National Cinema Of New Zealand Essay Example
The history of New Zealand Cinema is a fascinating and complex one, from its status as a major shooting location for big international films (e.g. The Lord of the Rings) to its vibrant indie film scene. In this respect, New Zealanders have a difficult time determining exactly what kind of cinema to appropriate as their own and consider truly ‘New Zealand’ films. According to Higson, "very often the concept of national cinema is used prescriptively rather than descriptively, citing what ought to be the national cinema" While no single discourse of national cinema has been accepted by the film community, Higson notes that most ‘national cinema’ within New Zealand is correlated to what films are economically tied to the country, particularly ones created by the “domestic film industry” of New Zealand. To that end, positioning the 1954 film The Seeker within the history of cinema in New Zealand is a difficult prospect, bringing up these varying claims about what constitutes ‘national cinema.’ Despite its status as an international film that has outside funding and was only shot on New Zealand locations, it is clear that its importance and historical significance to the nation’s film industry and level of exposure earns it a spot in the nation’s national cinema history.
The idea of national cinema itself carries with it quite a bit of controversy; there are many definitions of what constitutes ‘national cinema,’ particularly in a New Zealand context. A national cinema, in essence, involves identifying what films are inherently classifiable as being ‘for’ a certain country, and thus the metrics for that inclusion have to be determined. Higson, for example, argues that “the parameters of a national cinema should be drawn at the site of consumption as much as at the site of production of films,” firmly placing a film’s cinema tradition as much on the consumers as the filmmakers. There are also other considerations to be made; national cinema could be considered on an economic basis, chiefly indicating films that support local film industry; text-based approaches that comprise films about that country, or consumption-based approaches based on what that country consumes.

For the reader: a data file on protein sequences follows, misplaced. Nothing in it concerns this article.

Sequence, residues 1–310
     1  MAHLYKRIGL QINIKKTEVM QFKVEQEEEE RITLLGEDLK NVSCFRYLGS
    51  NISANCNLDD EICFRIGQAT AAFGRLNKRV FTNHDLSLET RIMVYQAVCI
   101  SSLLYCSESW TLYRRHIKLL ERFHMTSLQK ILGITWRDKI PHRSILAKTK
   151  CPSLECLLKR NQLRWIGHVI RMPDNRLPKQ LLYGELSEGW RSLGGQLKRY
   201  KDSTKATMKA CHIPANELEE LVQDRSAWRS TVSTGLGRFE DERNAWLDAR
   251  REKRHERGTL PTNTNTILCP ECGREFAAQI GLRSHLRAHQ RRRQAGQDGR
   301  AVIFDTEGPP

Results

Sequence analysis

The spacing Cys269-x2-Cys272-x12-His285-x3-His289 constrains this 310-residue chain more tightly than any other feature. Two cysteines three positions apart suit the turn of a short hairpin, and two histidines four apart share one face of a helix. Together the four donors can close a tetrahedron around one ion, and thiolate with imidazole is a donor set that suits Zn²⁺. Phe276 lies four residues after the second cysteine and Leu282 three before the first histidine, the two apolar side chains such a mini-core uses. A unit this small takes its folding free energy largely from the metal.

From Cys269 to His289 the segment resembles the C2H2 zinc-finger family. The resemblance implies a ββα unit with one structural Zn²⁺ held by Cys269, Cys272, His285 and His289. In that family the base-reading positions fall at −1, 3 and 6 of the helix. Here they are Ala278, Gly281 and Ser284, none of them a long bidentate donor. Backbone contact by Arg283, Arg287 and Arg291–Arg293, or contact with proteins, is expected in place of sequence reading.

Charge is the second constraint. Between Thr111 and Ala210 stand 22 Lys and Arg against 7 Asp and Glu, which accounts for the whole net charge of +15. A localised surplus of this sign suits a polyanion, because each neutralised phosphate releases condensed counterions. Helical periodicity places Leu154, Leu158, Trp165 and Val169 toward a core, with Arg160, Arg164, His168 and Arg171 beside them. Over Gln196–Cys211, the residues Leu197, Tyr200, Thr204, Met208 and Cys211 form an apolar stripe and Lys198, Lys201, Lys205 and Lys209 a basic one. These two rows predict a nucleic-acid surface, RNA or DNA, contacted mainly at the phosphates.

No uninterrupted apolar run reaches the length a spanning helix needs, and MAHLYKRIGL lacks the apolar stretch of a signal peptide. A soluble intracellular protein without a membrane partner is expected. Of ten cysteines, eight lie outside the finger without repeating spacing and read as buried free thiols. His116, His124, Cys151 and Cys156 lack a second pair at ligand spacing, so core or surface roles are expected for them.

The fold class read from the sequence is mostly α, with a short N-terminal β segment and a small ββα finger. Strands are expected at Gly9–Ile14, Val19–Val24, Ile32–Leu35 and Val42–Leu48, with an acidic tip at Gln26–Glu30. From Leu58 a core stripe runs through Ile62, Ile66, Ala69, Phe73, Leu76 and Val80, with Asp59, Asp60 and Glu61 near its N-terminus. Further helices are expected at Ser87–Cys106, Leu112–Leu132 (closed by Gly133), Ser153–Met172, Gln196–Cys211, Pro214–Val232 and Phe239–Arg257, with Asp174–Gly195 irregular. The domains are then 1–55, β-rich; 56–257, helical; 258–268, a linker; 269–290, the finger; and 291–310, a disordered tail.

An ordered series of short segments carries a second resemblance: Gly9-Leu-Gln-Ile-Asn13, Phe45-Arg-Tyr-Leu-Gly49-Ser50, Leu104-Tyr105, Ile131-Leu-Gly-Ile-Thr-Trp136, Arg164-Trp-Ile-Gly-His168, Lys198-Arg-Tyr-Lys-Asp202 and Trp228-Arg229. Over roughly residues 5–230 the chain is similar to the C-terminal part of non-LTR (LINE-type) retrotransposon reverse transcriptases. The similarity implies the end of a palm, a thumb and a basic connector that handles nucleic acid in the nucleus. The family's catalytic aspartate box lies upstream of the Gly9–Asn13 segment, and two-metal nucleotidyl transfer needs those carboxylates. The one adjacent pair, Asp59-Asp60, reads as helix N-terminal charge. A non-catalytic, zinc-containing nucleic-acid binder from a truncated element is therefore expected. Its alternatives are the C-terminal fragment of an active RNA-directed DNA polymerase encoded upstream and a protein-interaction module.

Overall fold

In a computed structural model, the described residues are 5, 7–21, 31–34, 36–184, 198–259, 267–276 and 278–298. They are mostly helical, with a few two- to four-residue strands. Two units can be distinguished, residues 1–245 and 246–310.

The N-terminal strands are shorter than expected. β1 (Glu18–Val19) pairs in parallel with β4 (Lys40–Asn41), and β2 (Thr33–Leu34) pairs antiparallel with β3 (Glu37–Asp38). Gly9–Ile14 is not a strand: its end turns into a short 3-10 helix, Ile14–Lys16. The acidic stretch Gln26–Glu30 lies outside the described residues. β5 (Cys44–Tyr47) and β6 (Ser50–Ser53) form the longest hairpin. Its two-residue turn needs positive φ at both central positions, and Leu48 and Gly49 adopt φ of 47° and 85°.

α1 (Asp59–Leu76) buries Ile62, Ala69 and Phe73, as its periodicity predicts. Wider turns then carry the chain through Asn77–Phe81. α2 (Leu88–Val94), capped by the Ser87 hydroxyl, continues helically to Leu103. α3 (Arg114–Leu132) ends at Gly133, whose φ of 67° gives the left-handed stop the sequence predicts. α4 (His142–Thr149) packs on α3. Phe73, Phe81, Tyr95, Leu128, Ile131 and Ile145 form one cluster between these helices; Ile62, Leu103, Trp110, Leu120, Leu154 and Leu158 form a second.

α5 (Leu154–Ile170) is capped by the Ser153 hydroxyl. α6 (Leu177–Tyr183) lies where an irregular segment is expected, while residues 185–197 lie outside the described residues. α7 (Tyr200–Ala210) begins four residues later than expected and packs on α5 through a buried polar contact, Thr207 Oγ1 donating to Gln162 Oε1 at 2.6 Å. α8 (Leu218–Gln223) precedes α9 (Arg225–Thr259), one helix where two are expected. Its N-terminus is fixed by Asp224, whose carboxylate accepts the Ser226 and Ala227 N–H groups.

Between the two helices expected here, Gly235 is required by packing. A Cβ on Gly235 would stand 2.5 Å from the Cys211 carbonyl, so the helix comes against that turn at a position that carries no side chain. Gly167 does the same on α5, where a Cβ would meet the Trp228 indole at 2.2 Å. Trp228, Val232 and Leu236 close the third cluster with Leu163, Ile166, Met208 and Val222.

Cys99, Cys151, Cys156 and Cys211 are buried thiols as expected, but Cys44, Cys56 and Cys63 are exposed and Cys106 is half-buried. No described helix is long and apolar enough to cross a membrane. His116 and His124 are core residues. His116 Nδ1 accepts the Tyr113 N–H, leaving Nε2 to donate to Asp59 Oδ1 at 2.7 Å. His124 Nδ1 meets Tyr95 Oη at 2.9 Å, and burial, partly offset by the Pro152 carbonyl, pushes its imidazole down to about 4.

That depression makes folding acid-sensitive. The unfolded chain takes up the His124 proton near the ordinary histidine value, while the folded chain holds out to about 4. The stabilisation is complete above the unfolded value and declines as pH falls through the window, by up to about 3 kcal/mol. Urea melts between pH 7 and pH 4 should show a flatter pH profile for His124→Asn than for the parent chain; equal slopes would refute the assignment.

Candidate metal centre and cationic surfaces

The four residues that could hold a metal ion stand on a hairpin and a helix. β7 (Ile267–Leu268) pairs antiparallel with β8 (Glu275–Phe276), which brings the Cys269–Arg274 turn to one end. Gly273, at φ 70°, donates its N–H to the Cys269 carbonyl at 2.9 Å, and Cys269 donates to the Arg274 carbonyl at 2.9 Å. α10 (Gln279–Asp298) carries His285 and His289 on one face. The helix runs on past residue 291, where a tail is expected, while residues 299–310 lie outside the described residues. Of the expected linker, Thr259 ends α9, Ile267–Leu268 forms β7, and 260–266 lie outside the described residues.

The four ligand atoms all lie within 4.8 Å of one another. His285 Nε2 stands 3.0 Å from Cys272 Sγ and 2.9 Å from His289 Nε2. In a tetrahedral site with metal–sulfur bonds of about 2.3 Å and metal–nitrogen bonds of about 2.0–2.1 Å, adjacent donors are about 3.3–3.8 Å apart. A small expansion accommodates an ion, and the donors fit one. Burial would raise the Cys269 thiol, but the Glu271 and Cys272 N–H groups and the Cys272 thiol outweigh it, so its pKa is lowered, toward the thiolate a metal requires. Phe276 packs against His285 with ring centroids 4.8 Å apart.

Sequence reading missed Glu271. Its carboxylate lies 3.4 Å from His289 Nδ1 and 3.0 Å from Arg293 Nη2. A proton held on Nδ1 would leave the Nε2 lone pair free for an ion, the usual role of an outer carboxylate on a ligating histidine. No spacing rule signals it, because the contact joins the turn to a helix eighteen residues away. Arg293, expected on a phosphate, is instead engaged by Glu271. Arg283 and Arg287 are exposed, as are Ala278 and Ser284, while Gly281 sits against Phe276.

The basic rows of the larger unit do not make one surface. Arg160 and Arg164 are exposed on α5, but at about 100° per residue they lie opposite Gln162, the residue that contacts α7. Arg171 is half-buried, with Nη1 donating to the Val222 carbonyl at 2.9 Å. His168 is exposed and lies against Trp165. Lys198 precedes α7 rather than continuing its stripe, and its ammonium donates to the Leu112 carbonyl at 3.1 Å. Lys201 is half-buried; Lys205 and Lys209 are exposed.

These approaches, particularly the latter, have become more and more difficult to quantify given the international film industry and the ability of foreign studios to film abroad; for example, a New Zealand-shot film like The Lord of the Rings might not be considered ‘national cinema’ under some metrics, given both a) its lack of actual setting in New Zealand and b) the fact that it was filmed by a different production company (New Line Cinema) from the United States. International co-productions muddy the waters a bit further, as the divide between what is intrinsically New Zealand and what ‘belongs’ to another nation is somewhat controversial. Luckily, Higson provides a possible solution for this dilemma – creating an “inward-looking means” of defining national cinema, linking a film to “an already existing national political, economic and cultural identityand set of traditions.” In short, New Zealand films should simply have an intangible ‘New Zealand-ness’ that can be connected to any of these identities and traditions, reconciling the involvement of international productions in this respect.
With this definition of national cinema in mind, 1954’s The Seeker (directed by Ken Annikin) is a fairly complex case. Ostensibly, it is a British film, produced by Universal International, directed by a British director and starring many English actors (including Jack Hawkins and Glynis Johns). However, the main story was adapted from a New Zealand novel of the same name, written by Kiwi John Guthrie, and the film itself is set in New Zealand. Following the story of a pair of British sailors (Hawkins and Noel Purcell) who end up establishing a British colony in New Zealand near some neighboring Maori, The Seeker most definitely has some colonialist and imperialist undertones to its depiction of the first interactions between the British and the Maori. The Maori themselves are treated as a mysterious x factor within the film – a noble people with nonetheless unpredictable impulses who are prone to violence. At the same time, these narrative issues are tempered by the equally-villainous behavior of the white characters (including Wishart, the new colonist whose murder of a Maori sparks the film’s final confrontation), and the Maori themselves are shown to have compassion and heart in many of their interactions with the settlers. These themes and more permeate the film, with the white-native divide uniquely present in most of the film’s scenes.